Pelvic Floor Physiotherapy (PFPT) is a specialized form of physical therapy that focuses on the muscles, nerves, and connective tissue of the pelvic floor. It is used to treat a variety of conditions related to pelvic floor dysfunction, including urinary and fecal incontinence, pelvic pain, sexual dysfunction, and postpartum recovery.
The pelvic floor is a group of muscles that span the area between the pubic bone and tailbone, forming a supportive sling-like structure for the pelvic organs such as bladder, uterus and rectum. These muscles work together to control the opening and closing of the urinary and anal sphincters, support the pelvic organs, and assist with sexual function.
PFPT is a non-invasive, drug-free approach to treating pelvic floor dysfunction. The therapy involves a thorough evaluation of the patient’s pelvic floor musculature and can include exercises to strengthen or relax these muscles, education on proper posture and breathing techniques, and the use of biofeedback to help patients better understand and control their pelvic floor muscles.
Although commonly thought of as a treatment for women, PFPT is also effective for men who experience pelvic floor dysfunction. Men can develop similar pelvic floor problems to women, such as incontinence, erectile dysfunction, and pelvic pain.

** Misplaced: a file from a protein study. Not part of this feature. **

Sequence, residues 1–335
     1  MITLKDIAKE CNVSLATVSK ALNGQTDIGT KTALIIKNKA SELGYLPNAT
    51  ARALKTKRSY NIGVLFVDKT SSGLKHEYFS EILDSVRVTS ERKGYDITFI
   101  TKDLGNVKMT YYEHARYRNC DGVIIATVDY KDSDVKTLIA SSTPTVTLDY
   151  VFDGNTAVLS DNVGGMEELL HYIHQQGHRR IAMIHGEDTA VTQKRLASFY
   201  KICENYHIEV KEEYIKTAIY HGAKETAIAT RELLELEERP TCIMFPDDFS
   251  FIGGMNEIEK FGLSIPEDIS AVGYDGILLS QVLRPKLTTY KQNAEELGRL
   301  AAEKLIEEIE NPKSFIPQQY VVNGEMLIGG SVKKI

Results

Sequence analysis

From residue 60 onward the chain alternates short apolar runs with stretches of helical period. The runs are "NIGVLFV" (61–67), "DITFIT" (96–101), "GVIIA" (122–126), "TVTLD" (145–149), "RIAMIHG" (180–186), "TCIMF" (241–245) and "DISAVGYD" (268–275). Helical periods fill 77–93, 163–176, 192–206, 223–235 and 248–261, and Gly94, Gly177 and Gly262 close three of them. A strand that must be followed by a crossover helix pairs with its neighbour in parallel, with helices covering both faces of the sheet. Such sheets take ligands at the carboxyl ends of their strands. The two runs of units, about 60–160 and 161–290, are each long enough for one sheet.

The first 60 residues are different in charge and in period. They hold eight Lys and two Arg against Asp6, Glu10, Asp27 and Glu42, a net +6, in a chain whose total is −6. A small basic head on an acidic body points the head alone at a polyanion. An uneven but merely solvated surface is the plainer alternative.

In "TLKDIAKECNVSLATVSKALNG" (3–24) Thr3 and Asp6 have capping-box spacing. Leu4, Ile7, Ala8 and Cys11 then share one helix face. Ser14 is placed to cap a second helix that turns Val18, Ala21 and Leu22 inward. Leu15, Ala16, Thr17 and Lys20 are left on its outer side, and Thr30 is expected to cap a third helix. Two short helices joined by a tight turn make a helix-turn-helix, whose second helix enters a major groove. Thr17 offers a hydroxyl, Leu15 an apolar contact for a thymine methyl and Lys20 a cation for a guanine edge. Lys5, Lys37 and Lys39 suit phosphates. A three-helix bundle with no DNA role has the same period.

Some of the specific conditions that PFPT can help with include:
- Urinary incontinence: the involuntary leakage of urine
- Fecal incontinence: the involuntary leakage of stool
- Pelvic organ prolapse: a condition in which one or more of the pelvic organs (uterus, bladder, or rectum) drop down from their normal position
- Chronic pelvic pain: pain in the pelvic region that persists for more than six months
- Sexual dysfunction: difficulties with sexual function, such as erectile dysfunction or painful intercourse
- Pre- and postpartum pelvic floor muscle strengthening: to prevent and address issues such as incontinence, pain and pelvic organ prolapse.
PFPT is a safe and effective treatment option for individuals suffering from pelvic floor dysfunction. However, it is important to seek the help of a qualified PFPT professional to receive a thorough evaluation and personalized treatment plan.